JP Morgan Chase is recovering from a DDoS attack that knocked it’s website, and online banking offline on Tuesday, making them the latest victim in a wave of DDoS attacks against financial institutions.

Initially, the DDoS prevented access completely for some customers, and then the attack created intermittent outages and connections that were sluggish and slow. Customers were greeted with a notice on that simply stated that the site was “temporarily down.” Mobile banking was unaffected by the attack, Chase said.

The bank confirmed the DDoS attack to the media, but would not, or could not disclose technical details such as peak traffic or length of attack. As of Tuesday evening, was working as normal.

Earlier this month, a group calling itself Izz ad-Din al-Qassam Cyber Fighters, promised new DDoS attacks against the finance sector, having previously targeted several American banks successfully. At the time their warning was delivered, Bank of America, PNC Bank, Wells Fargo, and Citibank were all having connection issues or were offline entirely.

Earlier this year, a study by the Ponemon Institute said that 64% of IT staffers working within the financial sector said that their banks had suffered at least one DDoS attack within the previous 12 months, and 78% of those respondents said that DDoS attacks will either continue or increase in 2013.

“The belief that traditional perimeter security technologies such as firewalls are able to protect against today’s DDoS attacks is lulling not only financial institutions but organizations across every sector into a false sense of security,” said Marty Meyer, president of Corero Network Security, the company that commissioned the Ponemon study.

“Many Organizations assume traditional firewalls can provide protection against DDoS and zero-Day exploits at the perimeter, yet this is not what they were designed to do and therefore attacks are still getting through.”

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Distributed denial-of-service attacks aim to bring portions of a network down by bombarding the network with requests, and U.S. financial institutions have been prime targets, hit by attacks that rendered their websites unavailable to customers.

These five tips can help maintain your financial institution’s network and cyber security posture while decreasing the risk and potential collateral damage of DDoS attacks.

Start with the Basic Security Objectives

Financial enterprises should consider implementing controls as they relate to the three main tenets of information security, the CIA triad. These principles are confidentiality, integrity and availability and are the foundation of any information security policy infrastructure.

Confidentiality refers to the safeguarding of sensitive or classified data; integrity refers to keeping the original data unadulterated and intact; and availability refers to the resources and data that need to be continuously available to authorized parties to maintain day-to-day business.

While the CIA triad is important for every network, it is especially vital for the financial sector where classified data can consist of personal information that must be protected due to regulatory compliance.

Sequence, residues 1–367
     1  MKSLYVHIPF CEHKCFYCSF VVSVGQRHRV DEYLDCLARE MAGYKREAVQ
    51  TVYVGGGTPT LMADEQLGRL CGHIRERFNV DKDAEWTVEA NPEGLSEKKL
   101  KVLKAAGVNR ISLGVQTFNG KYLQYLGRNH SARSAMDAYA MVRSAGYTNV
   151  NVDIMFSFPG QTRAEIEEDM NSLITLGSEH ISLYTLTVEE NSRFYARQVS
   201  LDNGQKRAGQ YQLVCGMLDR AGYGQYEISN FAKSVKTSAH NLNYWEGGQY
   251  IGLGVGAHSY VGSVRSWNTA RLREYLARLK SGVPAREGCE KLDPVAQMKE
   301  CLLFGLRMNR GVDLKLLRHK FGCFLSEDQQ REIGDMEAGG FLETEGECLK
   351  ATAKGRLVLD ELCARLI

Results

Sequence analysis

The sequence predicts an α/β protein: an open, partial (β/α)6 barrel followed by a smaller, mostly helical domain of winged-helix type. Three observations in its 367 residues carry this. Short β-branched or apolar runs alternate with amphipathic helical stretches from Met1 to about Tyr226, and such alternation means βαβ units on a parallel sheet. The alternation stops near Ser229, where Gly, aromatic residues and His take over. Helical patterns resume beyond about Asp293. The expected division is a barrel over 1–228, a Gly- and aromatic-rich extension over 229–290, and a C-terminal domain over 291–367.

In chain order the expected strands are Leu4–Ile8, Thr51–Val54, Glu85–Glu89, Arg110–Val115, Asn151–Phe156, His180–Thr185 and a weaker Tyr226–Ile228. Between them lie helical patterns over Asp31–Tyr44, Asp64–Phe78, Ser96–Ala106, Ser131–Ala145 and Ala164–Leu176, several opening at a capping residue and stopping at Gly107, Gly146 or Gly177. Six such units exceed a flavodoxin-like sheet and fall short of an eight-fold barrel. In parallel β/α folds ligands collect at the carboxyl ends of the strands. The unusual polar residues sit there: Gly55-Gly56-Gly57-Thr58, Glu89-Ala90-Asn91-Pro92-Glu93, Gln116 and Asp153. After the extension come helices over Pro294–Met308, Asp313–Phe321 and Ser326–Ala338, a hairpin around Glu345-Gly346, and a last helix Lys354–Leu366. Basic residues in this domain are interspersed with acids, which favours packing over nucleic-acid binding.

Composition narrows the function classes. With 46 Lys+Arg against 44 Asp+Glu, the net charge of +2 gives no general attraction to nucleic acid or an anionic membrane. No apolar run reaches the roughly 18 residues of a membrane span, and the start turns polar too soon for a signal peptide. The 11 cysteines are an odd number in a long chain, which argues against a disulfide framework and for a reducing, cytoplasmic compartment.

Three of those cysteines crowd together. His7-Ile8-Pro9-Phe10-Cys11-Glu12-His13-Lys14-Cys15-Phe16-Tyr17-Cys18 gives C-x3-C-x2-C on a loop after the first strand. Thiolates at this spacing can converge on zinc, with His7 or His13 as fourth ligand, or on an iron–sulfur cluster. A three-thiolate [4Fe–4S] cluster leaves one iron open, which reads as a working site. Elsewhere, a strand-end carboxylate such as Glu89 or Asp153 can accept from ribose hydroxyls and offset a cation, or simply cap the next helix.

Implement an Effective Security Information Management Solution

Another early stage security measure is utilizing a highly effective Security Information Management solution or Security Information and Event Management solution. The exact solution depends largely on the size and needs of your financial enterprise, and both are designed to increase the visibility of telemetry within the enterprise network or on its boundaries.

A SIM solution carries out the collection, storing, alerting and reporting on the data whereas SIEM solutions combine SIM with a Security Event Management component that processes logs in order to create alerts from connected events.

Both solutions have a wide range of capabilities, including compliance-related functions, such as the retention of messages and creation of reports specifically designed to address audit or compliance concerns. Audit and compliance issues are major concerns within the financial sector, and a strong SIEM can provide the additional visibility an enterprise needs to decrease the resolution time of an incident.

Integrate Advanced Evasion Technique Protection

Advanced Evasion Techniques consist of an evasive technique that lets intruders bypass security detection and logging during network security reconnaissance. In addition to bypassing network security, they are usually stackable through simultaneous execution on multiple protocol layers, capable of changing dynamically even in the midst of an attack and consist of numerous combinations of evasion techniques and modifications.

AET protection requires zero-day protection in all layers as well as deep packet inspection across multiple network layers and protocols. AET protection components should also have integration capabilities, a full range of features, high manageability and infrastructure patch capabilities.

AETs are especially dangerous to the financial sector where, once again, extremely sensitive information is at stake in a highly regulated environment.

Establish Web and Content Controls

Web and content controls are integral for inspecting and blocking unauthorized access to sites and dangerous active content. Active content in the broadest sense consists of electronic documents that are designed to automatically invoke actions or trigger a response within a system without the assistance of an individual, phone-home type of behavior. Such content is a major hazard due to its automation and the fact that an individual may not directly or knowingly execute the actions.